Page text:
Synopses & Reviews
What can one man accomplish, even a great man and brilliant scientist? Although every town in France has a street named for Pasteur, was he alone able to stop people from spitting, persuade them to dig drains, influence them to undergo vaccination? Pasteur's success depended upon a whole network of forces, including the public hygiene movement, the medical profession (both military physicians and private practitioners), and colonial interests. It is the operation of these forces, in combination with the talent of Pasteur, that Bruno Latour sets before us as a prime example of science in action. Latour argues that the triumph of the biologist and his methodology must be understood within the particular historical convergence of competing social forces and conflicting interests. Yet Pasteur was not the only scientist working on the relationships of microbes and disease. How was he able to galvanize the other forces to support his own research? Latour shows Pasteur's efforts to win over the French public--the farmers, industrialists, politicians, and much of the scientific establishment. Instead of reducing science to a given social environment, Latour tries to show the simultaneous building of a society and its scientific facts. The first section of the book, which retells the story of Pasteur, is a vivid description of an approach to science whose theoretical implications go far beyond a particular case study. In the second part of the book, "Irreductions," Latour sets out his notion of the dynamics of conflict and interaction, of the "relation of forces." Latour's method of analysis cuts across and through the boundaries of the established disciplines of sociology, history, and the philosophy of science, to reveal how it is possible not to make the distinction between reason and force. Instead of leading to sociological reductionism, this method leads to an unexpected irreductionism.
The Pasteurization of France offers everything one wants from a book. It is immensely stimulating, intelligent, and funny. Stylistically, it is dazzling, sometimes splendid. It offers a bold and light-hearted approach to problems that bedevil everybody trying to write historical accounts of scientific innovation in the wake of structural, poststructural, grammatological, sociological, anthropological, and narratological critiques of history. Ian Hacking - Philosophy of Science Journal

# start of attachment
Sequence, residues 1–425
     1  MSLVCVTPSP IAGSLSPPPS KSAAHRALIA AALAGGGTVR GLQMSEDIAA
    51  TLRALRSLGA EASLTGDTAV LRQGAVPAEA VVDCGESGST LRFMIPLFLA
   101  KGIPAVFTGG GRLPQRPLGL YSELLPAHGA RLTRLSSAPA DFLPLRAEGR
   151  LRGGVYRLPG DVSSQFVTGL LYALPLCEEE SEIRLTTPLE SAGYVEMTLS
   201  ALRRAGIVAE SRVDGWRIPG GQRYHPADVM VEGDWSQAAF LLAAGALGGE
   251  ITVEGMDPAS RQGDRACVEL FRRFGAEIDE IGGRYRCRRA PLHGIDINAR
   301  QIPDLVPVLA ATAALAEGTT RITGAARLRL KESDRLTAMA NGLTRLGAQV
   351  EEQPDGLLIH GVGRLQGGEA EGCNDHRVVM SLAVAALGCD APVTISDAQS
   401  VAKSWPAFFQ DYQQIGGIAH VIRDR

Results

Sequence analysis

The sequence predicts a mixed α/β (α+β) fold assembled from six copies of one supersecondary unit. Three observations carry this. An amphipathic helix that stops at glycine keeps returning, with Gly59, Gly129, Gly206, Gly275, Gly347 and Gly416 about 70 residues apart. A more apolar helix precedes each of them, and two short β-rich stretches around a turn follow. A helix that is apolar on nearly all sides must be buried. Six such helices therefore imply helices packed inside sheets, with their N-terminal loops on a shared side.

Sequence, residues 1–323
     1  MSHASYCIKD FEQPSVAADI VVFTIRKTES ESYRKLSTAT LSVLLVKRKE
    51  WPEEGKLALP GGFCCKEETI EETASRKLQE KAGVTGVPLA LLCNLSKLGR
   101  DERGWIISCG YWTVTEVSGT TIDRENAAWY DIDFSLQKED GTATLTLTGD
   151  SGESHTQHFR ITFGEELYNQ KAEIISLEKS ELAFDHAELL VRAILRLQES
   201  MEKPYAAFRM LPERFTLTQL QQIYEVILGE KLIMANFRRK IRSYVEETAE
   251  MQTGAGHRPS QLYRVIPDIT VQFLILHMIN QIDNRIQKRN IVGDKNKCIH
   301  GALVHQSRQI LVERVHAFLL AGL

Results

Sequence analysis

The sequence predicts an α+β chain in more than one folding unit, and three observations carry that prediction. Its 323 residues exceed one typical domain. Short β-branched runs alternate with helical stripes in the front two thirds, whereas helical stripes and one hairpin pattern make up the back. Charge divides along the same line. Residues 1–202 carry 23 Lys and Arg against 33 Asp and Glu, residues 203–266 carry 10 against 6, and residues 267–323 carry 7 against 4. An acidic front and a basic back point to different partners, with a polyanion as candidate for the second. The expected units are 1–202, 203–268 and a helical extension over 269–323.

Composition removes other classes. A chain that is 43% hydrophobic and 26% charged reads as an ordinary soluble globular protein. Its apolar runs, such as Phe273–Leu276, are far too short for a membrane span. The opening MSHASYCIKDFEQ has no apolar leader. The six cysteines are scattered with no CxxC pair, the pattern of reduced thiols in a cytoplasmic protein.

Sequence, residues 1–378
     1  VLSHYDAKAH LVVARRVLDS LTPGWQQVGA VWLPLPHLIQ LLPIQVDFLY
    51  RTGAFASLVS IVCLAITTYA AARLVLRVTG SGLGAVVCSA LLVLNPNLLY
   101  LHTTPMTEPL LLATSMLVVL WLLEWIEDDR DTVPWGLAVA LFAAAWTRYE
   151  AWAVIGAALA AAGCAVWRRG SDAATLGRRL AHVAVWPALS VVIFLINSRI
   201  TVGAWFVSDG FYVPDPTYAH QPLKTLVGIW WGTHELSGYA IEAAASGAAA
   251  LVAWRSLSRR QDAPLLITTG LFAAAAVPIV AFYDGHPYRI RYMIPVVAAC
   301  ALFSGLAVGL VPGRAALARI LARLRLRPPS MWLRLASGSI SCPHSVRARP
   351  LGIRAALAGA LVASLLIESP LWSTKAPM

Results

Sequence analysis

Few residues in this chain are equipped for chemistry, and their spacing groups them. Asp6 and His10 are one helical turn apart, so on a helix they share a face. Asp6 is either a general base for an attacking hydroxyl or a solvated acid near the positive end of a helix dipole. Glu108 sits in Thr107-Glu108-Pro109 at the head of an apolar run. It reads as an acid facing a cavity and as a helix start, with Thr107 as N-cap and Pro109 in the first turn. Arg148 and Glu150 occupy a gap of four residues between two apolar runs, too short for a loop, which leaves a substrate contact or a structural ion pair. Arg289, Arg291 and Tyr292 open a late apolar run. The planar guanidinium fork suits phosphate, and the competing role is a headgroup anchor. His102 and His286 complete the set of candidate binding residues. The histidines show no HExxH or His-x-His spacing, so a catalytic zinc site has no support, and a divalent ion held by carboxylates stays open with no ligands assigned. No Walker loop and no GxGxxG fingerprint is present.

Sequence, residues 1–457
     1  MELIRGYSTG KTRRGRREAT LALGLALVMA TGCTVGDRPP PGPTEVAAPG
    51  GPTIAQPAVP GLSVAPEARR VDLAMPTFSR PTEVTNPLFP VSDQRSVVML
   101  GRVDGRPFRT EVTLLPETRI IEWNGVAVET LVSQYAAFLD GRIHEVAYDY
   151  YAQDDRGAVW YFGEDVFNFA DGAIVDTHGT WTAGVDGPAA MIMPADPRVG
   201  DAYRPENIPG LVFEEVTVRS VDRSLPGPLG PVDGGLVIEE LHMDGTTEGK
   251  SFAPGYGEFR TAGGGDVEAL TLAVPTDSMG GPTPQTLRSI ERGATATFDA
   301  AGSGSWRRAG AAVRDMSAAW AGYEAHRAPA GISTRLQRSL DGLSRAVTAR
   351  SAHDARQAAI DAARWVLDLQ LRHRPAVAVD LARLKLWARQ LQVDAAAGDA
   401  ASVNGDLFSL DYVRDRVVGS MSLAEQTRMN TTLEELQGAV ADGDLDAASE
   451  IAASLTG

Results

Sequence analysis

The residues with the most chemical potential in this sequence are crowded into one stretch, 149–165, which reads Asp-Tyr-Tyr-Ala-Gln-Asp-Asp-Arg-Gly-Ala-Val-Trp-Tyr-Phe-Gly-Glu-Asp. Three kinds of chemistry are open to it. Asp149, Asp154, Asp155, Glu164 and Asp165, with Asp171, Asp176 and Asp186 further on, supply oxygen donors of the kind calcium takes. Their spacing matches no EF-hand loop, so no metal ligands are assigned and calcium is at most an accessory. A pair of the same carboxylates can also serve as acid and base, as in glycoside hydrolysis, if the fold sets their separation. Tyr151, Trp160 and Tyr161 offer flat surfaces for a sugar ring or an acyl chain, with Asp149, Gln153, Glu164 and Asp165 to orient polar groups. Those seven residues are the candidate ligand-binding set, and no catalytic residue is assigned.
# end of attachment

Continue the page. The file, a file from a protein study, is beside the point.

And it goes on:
Everything [Latour] writes is provocative, important and worth the closest scrutiny...The radical originality and wit of Latour's approach is hugely attractive. Steven Shapin
Bruno Latour delights some of us and infuriates others, but either way he has, for the past decade, been one of the most brilliant and original writers about science. Nature
Latour has written a complex and provocative book. His insight into the way in which Pasteur transformed social relations in France and its colonies by introducing a new agent, the microbe, is fascinating. Elizabeth A. Williams - Social History of Medicine
Bruno Latour [is] one of today's most acute, if idiosyncratic, thinkers about science and society...[His] prose is often amusing...But the charm should not blind the reader to the serious intent. Mr. Latour is aiming at one of the late twentieth century's biggest problems. He is trying to provide a way of talking about science and society that does not start from the differences between them: to break down the barrier between them that started to go up in the seventeenth century. Lindsay Wilson - Journal of Social History
Pasteur's success depended upon a whole network of forces, including the public hygiene movement, the medical profession and colonial interests. It is the operation of these forces, in combination with the talent of Pasteur, that Latour sets out as a prime example of science in action.
About the Author
Bruno Latour is Professor at Sciences Po, Paris and the 2013 winner of the Ludvig Holberg International Memorial Prize.Alan Sheridan's most recent book is Michel Foucault: The Will to Truth. He has also translated over 50 books, including works by Sartre, Lacan, and Foucault.
Sciences Po Paris
Table of Contents
PART 1: WAR AND PEACE OF MICROBES
Introduction. Materials and Methods
1. Strong Microbes and Weak Hygienists
2. You Will Be Pasteurs of Microbes
3. Medicine at Last
PART 2: IRREDUCTIONS
1. From Weakness to Potency
4. Irreduction of "The Sciences"